In our weekly series, we write about celebrities – artists, actors, musicians, sport stars and scientists – who have some Hungarian origin, yet only few would consider them as “par excellence Hungarians”. In many cases even the persons concerned know/knew only very little about their Hungarian roots, while others are/were proud of their “Magyar” background despite lacking the ability to speak the language of their parents or grandparents. Our twenty-fourth target is:
Robert Capa was a Hungarian war photographer, photo journalist. He brought his restless, adventurous spirit and toughness from Hungary. He covered five wars: the Spanish Civil War, the Second Sino-Japanese War, World War II across Europe, the 1948 Arab-Israel War and the First Indochina War.
He was born Endre Freidmann to the Jewish family of Júlia Berkovits and Dezső Friedmann on the 22nd October 1913, as a son of tailors who ran a prosperous show-room in Budapest. His parents first child was László, followed by Endre and five years later by Kornél. After a Lutheran elementary school, Robert Capa want to study at Madách Secondary School, later inspired by Lajos Kassák he became interested in journalism in 1929, one year before his matriculation. Although originally he wanted to be a writer but he found work in photography in Berlin. According to one of the legends, he only had a stick of salami in his luggage when he left. His train ticket to Vienna was paid by the Jewish Community of Pest, from there he went on to Prague through Brno and somehow he eventually arrived in Berlin. At the German Political College (Deutsche Hochschule für Politik) he studied journalism. Since his parents were becoming poor and were not able to support him, he went to work as a photo lab assistant at the photo agency Dephot (Deutscher Photodienst).
In 1933 he moved from Germany to France because of the rise of Nazism and persecution of Jewish journalists and photographers, but found it difficult to work as a freelancer journalist. This time he had to conceal his original name (Freidmann), and adopted the name “Robert Capa”. Cápa (means shark in Hungarian), was his nickname in school and he felt that it would be recognizable and American-sounding. The change of his name was also motivated by financial interests, since Gerda (his girlfriend) was able to sell the photos of a successful American photographer at a price three times higher than those of André. His appearance was also significantly transformed together with the change of his name. He had his long hair cut and he began to wear well-ironed suits, believing that it would be the seal of his success. However, it was difficult for him to work up the change of his name and the radical transformation of his appearance mentally. Around this time his first photo report was published in 1934 in Vu Magazine.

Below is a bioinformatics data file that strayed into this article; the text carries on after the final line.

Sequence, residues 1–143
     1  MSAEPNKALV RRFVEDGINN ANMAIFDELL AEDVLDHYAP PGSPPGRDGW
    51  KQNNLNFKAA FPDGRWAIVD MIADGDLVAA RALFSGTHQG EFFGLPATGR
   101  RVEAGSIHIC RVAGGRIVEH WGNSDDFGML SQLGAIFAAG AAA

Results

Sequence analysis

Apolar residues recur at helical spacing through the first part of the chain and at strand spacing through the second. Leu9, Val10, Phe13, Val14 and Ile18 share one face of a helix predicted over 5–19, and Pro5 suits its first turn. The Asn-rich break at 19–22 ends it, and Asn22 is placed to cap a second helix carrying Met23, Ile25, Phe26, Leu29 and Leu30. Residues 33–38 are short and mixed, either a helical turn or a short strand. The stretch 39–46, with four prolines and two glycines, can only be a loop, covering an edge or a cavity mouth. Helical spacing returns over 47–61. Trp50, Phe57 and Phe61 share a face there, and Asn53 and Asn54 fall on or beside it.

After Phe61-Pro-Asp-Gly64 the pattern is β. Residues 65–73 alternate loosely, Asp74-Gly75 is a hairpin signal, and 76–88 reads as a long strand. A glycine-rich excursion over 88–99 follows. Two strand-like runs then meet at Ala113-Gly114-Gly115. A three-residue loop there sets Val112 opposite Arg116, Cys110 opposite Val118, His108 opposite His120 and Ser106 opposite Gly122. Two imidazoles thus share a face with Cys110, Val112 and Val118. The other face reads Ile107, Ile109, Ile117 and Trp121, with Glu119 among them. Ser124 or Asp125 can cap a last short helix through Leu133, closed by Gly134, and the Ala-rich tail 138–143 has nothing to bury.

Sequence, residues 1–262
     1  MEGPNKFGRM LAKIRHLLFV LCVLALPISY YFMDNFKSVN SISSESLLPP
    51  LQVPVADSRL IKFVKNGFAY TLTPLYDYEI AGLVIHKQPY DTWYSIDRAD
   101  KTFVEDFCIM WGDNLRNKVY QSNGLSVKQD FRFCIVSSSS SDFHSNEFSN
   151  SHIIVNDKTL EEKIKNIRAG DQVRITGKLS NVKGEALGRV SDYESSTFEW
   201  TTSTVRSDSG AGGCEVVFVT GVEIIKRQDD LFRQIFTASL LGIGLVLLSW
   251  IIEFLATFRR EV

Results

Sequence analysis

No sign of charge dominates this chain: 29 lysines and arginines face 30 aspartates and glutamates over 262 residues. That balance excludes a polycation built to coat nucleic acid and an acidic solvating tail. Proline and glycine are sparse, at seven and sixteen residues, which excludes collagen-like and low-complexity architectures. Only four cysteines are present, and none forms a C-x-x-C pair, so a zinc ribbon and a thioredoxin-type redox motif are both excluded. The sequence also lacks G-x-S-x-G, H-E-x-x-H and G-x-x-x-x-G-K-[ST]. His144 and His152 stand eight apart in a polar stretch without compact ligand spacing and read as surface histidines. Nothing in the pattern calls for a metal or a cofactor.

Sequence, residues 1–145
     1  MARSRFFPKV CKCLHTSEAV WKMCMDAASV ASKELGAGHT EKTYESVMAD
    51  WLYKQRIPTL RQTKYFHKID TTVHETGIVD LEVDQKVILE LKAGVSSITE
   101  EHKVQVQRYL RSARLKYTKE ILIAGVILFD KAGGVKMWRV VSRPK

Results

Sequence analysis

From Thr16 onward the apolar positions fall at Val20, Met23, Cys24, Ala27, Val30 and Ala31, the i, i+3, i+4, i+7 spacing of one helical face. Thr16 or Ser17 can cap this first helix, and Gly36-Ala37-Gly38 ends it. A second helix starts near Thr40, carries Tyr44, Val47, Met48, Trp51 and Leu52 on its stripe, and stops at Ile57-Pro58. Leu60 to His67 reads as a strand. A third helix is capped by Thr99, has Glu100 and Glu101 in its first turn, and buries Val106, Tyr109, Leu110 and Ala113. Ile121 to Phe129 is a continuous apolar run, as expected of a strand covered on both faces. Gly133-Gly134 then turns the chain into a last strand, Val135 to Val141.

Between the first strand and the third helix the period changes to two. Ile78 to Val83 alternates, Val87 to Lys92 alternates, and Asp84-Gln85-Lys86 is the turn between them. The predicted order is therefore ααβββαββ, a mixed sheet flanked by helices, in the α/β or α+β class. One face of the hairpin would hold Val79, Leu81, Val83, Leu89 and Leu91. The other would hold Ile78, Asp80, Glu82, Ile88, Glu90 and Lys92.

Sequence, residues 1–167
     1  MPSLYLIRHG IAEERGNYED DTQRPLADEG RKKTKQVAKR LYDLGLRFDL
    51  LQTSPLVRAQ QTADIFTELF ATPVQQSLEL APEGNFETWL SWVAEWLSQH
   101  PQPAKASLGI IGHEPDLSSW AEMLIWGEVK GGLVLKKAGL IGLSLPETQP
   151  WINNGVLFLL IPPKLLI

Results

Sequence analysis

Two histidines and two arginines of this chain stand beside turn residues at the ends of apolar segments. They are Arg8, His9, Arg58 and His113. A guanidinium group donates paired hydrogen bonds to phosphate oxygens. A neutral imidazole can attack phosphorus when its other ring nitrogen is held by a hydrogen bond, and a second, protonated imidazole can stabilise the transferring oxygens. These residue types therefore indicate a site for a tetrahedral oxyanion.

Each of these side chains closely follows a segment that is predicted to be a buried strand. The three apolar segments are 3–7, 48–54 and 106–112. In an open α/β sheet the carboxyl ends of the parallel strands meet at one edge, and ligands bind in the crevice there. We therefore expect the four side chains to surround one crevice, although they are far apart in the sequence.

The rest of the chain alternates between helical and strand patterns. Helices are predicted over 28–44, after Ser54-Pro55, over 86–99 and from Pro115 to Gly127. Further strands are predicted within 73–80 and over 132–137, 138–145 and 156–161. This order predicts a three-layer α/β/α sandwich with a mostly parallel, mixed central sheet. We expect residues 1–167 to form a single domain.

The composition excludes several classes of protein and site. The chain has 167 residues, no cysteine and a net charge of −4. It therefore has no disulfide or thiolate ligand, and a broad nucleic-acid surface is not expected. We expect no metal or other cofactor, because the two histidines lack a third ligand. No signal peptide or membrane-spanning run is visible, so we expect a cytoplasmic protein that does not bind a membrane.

He worked in London, Paris and went to Spain to take photos at the fall of Barcelona. He was everywhere where the sky was resounding. Besides the weekly magazine Regards, his photos were also published in LIFE. A countless number of his photos were published by Stefan Lorant in his journals, in Weekly Illustrated and in Picture Post. Lorant coined the slogan “The Greatest War Photographer in the World: Robert Capa,” which accompanied him all through his life.
After his father died in Budapest he had nothing else binding him to Europe, so he moved to the United States in 1939. Her mother and his younger brother has already moved there before. He never stopped on his own way. Anywhere he lived he was looking for the land was burning.
His most famous work occurred on June 6, 1944 (D-Day) when he swam ashore with the second assault wave on Omaha Beach. He was armed with two Contax II cameras mounted with 50 mm lenses and several rolls of spare film. Capa took 106 pictures in the first couple of hours of the invasion. However, a staff member at Life in London made a mistake in the darkroom; he set the dryer too high and melted the emulsion in the negatives in three complete rolls and over half of a fourth roll. Only eleven frames in total were recovered. Capa never said a word to the London bureau chief about the loss of three and a half rolls of his D-Day landing film.
At the end of the war, he was about to have a business-card printed with the title “Robert Capa, war photographer, unemployed.” Being aware of the course of world history since that time and Capa’s life story, he could hardly have distributed a lot of these cards. He received U. S. citizenship after the war, officially under the name of Robert Capa.
After the Word War II he didn’t stop his career of war-photographing. He went to the Soviet Union in 1947 and at the same year he captured the times of Turkey, the State of Israel and the heroic defence at the Kibbutz Negba in the Negev Desert. He also recorded the immigrant Hungarian battalion fighting for the liberation of Jerusalem.
In 1954, he was sent to Indochina by LIFE to cover the French colonies. On 25 May, he stepped on a land-mine and died. He was honoured with a posthumous Croix de Guerre by General René Cogny.
Capa’s memory has not faded – neither in Hungary, nor abroad, as he was the greatest war photographer of the world.
via: capacenter.hu; wikipedia.com; army-photographer.com
photos: army-photographer.com; huffingtonpost.com; capacenter.hu; azquotes.com